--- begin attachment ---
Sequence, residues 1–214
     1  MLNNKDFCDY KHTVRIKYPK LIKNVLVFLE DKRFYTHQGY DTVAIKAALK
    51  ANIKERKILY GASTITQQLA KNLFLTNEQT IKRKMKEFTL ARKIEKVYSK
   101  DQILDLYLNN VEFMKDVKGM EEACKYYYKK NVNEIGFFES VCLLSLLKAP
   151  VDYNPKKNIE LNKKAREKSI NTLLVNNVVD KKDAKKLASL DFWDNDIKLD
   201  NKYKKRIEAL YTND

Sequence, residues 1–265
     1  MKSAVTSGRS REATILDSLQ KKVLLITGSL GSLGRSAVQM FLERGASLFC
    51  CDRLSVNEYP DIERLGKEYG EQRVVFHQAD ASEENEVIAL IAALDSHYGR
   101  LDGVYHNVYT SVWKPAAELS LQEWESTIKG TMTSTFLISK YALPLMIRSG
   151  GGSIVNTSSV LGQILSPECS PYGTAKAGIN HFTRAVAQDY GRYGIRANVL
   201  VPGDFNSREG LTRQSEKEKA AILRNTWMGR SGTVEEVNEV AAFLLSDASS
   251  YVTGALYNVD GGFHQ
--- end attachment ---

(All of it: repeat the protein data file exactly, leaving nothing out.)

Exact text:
Sequence, residues 1–214
     1  MLNNKDFCDY KHTVRIKYPK LIKNVLVFLE DKRFYTHQGY DTVAIKAALK
    51  ANIKERKILY GASTITQQLA KNLFLTNEQT IKRKMKEFTL ARKIEKVYSK
   101  DQILDLYLNN VEFMKDVKGM EEACKYYYKK NVNEIGFFES VCLLSLLKAP
   151  VDYNPKKNIE LNKKAREKSI NTLLVNNVVD KKDAKKLASL DFWDNDIKLD
   201  NKYKKRIEAL YTND

Sequence, residues 1–265
     1  MKSAVTSGRS REATILDSLQ KKVLLITGSL GSLGRSAVQM FLERGASLFC
    51  CDRLSVNEYP DIERLGKEYG EQRVVFHQAD ASEENEVIAL IAALDSHYGR
   101  LDGVYHNVYT SVWKPAAELS LQEWESTIKG TMTSTFLISK YALPLMIRSG
   151  GGSIVNTSSV LGQILSPECS PYGTAKAGIN HFTRAVAQDY GRYGIRANVL
   201  VPGDFNSREG LTRQSEKEKA AILRNTWMGR SGTVEEVNEV AAFLLSDASS
   251  YVTGALYNVD GGFHQ